Canadian home sales continue their momentum to start 2021
In January, Canadian home sales increased 2.0% month-on-month, building on December's 7.0% gain. On a year-on-year basis, they were up 35.2%.
Provincially, sales were up in 8 of 10 provinces in January, with strong gains recorded in PEI (+20.5% m/m) and Alberta (+11.9%). On the flipside, a relatively steep decline was recorded in Nova Scotia (-8.3%).
New listings dropped by 13.5% m/m in January. The combination of rising sales and falling new listings brought the months supply of inventory measure to under 1.9 months.
The national sales-to-new listings ratio also increased to 90.7% – its highest level by far. Every province was in sellers' territory in December, and many of those in the eastern part of Canada had ratios over 100% (Quebec: 128.3%; New Brunswick: 116.0%; Nova Scotia: 114.3% and PEI:101.5%). This means that there were more sales than new units listed last month in these provinces. This is a rare situation, but has occurred before in the Atlantic Provinces. However, January marked a first on this front in Quebec. Elsewhere, ratios were particularly elevated in Manitoba (86.1%) and Ontario (88.6).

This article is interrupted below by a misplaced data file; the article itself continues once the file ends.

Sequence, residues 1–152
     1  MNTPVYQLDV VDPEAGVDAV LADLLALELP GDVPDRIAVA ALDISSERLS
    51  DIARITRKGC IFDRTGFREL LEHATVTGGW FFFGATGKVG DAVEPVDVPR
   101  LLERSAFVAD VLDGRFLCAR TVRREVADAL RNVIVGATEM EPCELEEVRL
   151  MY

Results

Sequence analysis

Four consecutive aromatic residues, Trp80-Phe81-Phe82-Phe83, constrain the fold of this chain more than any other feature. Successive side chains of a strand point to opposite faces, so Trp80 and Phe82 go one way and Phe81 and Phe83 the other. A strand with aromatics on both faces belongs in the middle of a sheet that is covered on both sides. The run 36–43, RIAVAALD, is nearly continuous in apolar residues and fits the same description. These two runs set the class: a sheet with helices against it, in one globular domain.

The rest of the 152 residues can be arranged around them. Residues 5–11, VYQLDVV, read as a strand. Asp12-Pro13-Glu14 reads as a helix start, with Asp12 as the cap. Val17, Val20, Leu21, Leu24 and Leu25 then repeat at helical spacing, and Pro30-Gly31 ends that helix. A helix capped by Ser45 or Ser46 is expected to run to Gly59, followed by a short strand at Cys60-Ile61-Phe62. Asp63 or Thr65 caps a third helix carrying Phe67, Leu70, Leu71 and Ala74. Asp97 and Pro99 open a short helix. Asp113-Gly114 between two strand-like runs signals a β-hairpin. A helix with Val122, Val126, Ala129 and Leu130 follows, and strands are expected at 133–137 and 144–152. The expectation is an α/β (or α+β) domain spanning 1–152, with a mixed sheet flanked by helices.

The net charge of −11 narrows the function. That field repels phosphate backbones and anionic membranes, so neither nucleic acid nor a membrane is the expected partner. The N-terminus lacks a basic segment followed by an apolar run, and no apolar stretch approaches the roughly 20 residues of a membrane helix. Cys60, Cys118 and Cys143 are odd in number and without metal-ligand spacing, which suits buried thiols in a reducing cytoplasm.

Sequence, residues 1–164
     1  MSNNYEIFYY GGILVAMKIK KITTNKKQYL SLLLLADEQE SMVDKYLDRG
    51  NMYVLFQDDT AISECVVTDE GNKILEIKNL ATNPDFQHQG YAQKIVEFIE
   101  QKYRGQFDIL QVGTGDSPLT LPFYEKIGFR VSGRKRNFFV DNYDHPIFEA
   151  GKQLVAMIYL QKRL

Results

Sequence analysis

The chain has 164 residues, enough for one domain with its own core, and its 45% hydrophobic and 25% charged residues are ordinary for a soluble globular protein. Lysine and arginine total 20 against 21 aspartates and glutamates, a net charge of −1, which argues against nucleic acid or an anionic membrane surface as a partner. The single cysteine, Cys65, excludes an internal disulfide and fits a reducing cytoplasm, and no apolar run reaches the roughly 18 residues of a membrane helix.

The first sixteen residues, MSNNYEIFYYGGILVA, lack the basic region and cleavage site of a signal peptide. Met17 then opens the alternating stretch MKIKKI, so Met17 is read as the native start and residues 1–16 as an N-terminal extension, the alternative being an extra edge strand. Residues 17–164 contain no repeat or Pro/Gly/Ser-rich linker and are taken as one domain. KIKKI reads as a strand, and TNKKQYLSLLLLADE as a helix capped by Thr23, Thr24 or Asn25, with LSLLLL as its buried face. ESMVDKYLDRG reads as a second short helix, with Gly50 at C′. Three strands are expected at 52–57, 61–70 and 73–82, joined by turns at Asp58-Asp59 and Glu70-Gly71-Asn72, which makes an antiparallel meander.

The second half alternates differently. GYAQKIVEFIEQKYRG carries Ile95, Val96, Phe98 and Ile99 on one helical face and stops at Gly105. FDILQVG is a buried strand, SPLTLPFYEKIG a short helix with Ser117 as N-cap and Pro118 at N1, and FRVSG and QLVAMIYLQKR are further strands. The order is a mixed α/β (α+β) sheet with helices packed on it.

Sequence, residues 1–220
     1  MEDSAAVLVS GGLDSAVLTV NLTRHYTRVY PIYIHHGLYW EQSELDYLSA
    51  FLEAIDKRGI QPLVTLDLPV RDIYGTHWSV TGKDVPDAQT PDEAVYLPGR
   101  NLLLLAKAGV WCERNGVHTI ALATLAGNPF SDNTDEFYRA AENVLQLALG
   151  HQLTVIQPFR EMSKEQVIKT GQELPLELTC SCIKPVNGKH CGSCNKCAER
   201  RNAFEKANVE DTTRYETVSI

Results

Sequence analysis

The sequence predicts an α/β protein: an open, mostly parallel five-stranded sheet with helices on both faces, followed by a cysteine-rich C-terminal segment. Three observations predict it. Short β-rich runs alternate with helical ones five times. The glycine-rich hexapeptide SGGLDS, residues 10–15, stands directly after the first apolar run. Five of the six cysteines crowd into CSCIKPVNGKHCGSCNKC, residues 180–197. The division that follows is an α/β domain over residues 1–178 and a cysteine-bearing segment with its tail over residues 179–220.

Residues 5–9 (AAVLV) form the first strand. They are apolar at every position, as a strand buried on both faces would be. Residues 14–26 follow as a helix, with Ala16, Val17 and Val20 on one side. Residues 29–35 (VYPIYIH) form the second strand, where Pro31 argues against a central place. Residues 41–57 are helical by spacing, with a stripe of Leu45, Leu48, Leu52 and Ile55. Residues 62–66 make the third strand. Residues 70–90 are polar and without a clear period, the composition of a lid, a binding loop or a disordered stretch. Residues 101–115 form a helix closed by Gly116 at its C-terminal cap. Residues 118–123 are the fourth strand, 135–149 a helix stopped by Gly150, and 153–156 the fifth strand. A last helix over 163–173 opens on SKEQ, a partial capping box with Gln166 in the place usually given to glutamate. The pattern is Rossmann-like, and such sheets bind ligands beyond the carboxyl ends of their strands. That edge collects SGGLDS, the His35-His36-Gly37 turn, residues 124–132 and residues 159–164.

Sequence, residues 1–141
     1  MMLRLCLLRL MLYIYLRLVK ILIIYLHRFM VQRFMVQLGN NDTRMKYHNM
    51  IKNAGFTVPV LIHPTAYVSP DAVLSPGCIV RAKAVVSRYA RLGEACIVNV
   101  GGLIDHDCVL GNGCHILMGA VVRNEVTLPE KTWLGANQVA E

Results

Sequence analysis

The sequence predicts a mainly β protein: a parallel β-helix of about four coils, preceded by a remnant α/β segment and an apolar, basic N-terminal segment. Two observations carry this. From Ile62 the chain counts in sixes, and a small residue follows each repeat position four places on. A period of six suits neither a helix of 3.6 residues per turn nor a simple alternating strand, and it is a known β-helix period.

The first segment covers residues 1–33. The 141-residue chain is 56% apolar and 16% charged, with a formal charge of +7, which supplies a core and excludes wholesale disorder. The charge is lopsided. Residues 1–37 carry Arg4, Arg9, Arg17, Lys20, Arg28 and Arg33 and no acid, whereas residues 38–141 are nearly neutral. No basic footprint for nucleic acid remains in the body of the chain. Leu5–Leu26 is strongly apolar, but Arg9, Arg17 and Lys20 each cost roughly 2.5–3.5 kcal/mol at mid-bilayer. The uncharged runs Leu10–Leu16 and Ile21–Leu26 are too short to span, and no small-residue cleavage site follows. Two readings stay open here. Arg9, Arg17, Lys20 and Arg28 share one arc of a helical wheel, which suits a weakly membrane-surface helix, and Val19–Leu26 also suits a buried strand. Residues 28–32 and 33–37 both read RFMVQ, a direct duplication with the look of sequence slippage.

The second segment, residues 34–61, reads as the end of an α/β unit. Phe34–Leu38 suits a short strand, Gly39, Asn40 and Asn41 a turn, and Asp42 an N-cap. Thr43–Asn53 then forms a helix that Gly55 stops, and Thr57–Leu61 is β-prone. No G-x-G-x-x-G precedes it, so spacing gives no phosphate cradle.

Strong demand and historically tight conditions were reflected in prices. Indeed, Canadian average home prices surged by 4.7% m/m in January. On a year-on-year basis, they were up 22.8%, marking an acceleration from December. However, prices were up in 8 of 10 provinces during the month, with the largest gains occurring in Alberta (+8.1%) and Ontario (7.4%).
Compared with the average sales price, the MLS home price index, a more "like for like" measure, increased 2.0% m/m. Single family home prices rose 2.6% m/m (and a robust 17.4% y/y), whereas apartment prices advanced by a smaller 0.2% m/m (and decelerated to 3.3% y/y). In Toronto, apartment prices increased 0.4% m/m, the first gain in 4 months.
Home sales picked up right where they left off to start 2021. Demand was likely given a lift by ultra-low mortgage rates, which dropped again during the month. January's robust gain coupled with a strong handoff into this year virtually ensures that sales will increase in the first quarter. However, with sales likely running above fundamentally-supported levels, we think some cooling in activity will take place, especially in the second half. A dwindling supply of inventories, when benchmarked against the current sales pace, could also weigh on activity moving forward.
With today's data showing a solid gain in prices last month and new supply collapsing across nearly the entire country, markets were historically tight. This points to further strong price gains ahead in the near-term.
Also notable was that benchmark condo prices grew for the first time in several months in Toronto. Although supply remains elevated, conditions are becoming tighter than what we saw last fall. This suggests that further gains are in store.